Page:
A new combination pill
could provide hope for hepatitis C patients who can't take or don't respond to
currently available treatments, researchers say.
The pill combines two
investigational drugs, sofosbuvir and ledipasvir, and in clinical trials it
eliminated the hepatitis C virus (HCV) in nearly all patients who took it,
according to findings published online in The Lancet.
of patients new to hepatitis C virus therapy who took eight weeks of the
sofosbuvir/ledipasvir combination tablet were HCV undetectable 24 weeks after
therapy ended, which means they are cured of HCV," said lead author Dr
Eric Lawitz, clinical professor of medicine at the University of Texas Health
Science Centre at San Antonio. "Similarly, among patients who had received
prior therapy and took 12 weeks of sofosbuvir/ledipasvir, 95% were
Hepatitis C, if left
untreated, can cause severe and potentially fatal liver damage. However, most
people recently infected with hepatitis C do not have symptoms. Instead, the
virus causes long-term damage, mainly scarring of the liver, a condition called
Complicated drug regimen
Combination drug treatments
currently are available for the most prevalent form of the virus, which affects
about 75% of Americans with the disease, Lawitz said. But these
combination treatments involve interferon and protease inhibitors, which can
have terrible side effects. The therapy also requires a complicated drug
regimen of pills and injections.
Fewer than half of
hepatitis C patients can undergo the existing combination therapy, given the
drugs' interactions and side effects, the authors said in background
information. For those patients, there are no treatment options at present.
"We've had nothing to
offer them," said Dr David Bernstein, chief of the division of hepatology
at North Shore University Hospital in Manhasset, NY "It's painted a
rather bleak picture for these patients."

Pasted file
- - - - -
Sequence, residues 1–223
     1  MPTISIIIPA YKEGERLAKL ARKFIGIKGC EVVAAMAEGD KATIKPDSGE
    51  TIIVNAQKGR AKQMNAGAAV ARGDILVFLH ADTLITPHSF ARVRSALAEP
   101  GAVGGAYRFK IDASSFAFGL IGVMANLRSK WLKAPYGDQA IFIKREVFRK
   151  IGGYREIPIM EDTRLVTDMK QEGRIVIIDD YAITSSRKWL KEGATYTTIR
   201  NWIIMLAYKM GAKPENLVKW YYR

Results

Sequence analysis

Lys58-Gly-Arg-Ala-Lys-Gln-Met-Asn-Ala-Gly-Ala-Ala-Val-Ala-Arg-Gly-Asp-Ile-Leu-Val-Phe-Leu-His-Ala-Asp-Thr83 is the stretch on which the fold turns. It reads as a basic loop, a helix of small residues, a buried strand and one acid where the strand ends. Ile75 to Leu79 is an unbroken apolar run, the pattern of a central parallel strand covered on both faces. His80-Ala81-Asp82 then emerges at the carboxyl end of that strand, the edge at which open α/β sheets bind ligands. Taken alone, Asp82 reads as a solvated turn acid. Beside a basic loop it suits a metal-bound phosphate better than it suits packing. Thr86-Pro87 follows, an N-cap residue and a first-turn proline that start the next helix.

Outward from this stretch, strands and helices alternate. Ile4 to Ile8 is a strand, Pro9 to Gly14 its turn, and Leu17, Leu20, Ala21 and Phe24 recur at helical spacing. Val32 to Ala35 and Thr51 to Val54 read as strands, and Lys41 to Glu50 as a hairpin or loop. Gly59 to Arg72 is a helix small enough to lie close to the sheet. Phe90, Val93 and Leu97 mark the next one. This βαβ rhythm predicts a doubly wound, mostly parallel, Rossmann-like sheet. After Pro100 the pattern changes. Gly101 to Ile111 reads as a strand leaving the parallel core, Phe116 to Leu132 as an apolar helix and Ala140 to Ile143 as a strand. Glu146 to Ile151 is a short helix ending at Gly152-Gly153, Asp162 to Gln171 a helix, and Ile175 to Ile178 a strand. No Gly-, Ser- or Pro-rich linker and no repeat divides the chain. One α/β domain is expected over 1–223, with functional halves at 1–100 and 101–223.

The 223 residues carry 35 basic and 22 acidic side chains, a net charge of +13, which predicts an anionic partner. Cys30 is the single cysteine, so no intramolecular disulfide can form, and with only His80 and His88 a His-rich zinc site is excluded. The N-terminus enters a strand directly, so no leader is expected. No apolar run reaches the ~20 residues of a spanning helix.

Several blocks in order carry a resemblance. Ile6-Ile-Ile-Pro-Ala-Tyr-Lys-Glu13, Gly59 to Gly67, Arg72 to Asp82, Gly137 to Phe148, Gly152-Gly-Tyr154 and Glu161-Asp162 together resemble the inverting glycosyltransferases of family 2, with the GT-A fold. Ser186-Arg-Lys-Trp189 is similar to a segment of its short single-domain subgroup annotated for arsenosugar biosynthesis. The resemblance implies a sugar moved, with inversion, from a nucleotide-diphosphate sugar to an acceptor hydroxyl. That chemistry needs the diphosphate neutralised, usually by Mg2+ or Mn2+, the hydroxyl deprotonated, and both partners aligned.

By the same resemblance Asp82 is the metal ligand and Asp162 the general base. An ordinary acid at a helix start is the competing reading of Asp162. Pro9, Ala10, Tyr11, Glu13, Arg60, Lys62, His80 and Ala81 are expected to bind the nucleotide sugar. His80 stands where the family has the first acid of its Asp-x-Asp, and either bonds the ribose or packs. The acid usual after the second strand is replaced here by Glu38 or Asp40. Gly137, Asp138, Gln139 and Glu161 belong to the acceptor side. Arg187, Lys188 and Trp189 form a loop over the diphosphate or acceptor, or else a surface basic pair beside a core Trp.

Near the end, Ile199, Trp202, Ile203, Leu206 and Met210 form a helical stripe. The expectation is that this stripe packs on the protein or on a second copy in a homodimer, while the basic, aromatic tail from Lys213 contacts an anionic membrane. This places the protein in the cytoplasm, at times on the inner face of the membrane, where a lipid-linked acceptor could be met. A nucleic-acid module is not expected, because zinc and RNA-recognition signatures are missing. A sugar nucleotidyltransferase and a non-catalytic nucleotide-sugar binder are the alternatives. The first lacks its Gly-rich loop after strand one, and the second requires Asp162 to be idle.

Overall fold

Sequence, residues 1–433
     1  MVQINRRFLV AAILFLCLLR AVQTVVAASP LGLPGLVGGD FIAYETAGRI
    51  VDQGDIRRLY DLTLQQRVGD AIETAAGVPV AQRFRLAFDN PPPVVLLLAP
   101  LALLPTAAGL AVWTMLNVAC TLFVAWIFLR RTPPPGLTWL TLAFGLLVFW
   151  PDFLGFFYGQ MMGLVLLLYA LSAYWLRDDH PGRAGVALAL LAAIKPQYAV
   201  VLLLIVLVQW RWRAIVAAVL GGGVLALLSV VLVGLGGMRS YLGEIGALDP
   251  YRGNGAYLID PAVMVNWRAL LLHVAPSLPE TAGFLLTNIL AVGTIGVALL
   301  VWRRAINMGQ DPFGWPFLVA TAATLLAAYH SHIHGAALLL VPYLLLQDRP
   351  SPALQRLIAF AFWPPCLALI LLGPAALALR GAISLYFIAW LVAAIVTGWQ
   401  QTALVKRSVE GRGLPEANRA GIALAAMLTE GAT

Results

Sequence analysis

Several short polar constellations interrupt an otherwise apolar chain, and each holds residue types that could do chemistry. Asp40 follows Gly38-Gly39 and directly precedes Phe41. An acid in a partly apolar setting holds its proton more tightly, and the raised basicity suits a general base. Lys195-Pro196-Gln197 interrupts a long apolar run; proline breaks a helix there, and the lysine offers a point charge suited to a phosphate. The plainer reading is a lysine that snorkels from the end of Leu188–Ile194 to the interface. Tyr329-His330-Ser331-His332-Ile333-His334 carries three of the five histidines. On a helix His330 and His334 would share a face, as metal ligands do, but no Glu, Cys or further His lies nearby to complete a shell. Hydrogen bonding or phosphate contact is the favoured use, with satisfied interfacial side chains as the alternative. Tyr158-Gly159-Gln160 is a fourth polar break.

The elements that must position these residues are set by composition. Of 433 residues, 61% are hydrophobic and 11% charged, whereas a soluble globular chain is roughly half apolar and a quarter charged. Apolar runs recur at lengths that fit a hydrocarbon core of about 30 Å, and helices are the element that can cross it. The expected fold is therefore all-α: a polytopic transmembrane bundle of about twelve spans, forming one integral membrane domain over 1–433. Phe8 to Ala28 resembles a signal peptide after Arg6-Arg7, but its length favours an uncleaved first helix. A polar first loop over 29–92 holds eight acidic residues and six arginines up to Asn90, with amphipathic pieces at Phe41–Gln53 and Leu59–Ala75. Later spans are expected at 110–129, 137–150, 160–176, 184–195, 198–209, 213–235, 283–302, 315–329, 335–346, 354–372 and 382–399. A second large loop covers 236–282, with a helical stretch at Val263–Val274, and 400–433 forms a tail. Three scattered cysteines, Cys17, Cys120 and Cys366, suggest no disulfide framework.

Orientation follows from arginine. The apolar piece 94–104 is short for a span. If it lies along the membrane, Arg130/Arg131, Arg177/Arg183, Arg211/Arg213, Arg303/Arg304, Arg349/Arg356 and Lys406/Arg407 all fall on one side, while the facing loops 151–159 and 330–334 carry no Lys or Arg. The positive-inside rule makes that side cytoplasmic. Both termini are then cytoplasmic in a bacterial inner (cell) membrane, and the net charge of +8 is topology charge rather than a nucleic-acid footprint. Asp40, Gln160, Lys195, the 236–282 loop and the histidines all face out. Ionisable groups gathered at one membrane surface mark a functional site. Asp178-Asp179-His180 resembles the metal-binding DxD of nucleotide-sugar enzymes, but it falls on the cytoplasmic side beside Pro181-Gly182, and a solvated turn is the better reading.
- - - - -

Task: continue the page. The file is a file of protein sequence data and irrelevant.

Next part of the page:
Sofosbuvir and ledipasvir
are targeted, direct-acting agents that interfere directly with the life cycle
of the hepatitis C virus, Lawitz said.
Researchers combined the
two drugs into a single tablet taken once a day. They recruited 100 hepatitis C
patients to try the medication, including 60 who had never received treatment
and 40 who had been unsuccessfully treated using the current therapy. Some
patients also received ribavirin, currently a standard treatment, in addition
to the combination pill.
Just over half of the
previously treated patients had cirrhosis.
Sustained virological response
By 12 weeks, nearly all of
the patients had achieved what doctors call a sustained virological response,
in which the virus is eliminated and prevented from replicating – in essence,
a functional cure.
"These types of
advances are game-changers," Bernstein said. "We're going to be
curing [very high percentages of people] with simple oral agents, one pill once
a day with mild to no side effects."
About half of the patients
had at least one health problem during the study, with the highest rates seen
among patients who took ribavirin. The most common side effects were nausea, anaemia,
upper respiratory tract infection and headache. The treating physician rated
most of them as mild, and no one had to discontinue treatment because of side
The treatment of hepatitis
C is rapidly changing, Lawitz said. "We are moving from an era of
injectable medications with significant toxicity to an era of all-oral
combination pill therapy that provides the promise of being well-tolerated with
very high rates of cure," he said.
The combination drug is
still being evaluated in phase 3 clinical studies, so it is too soon to tell if
it will receive US Food and Drug Administration approval or how it would be
priced, Lawitz said.
Because hepatitis C progresses
without symptoms, the US Centres for Disease Control and Prevention recommends
that adults born from 1945 through 1965 get tested for the virus.
For more information on
hepatitis C, visit the U.S.
National Library of Medicine.
Picture: Hepatitis C from Shutterstock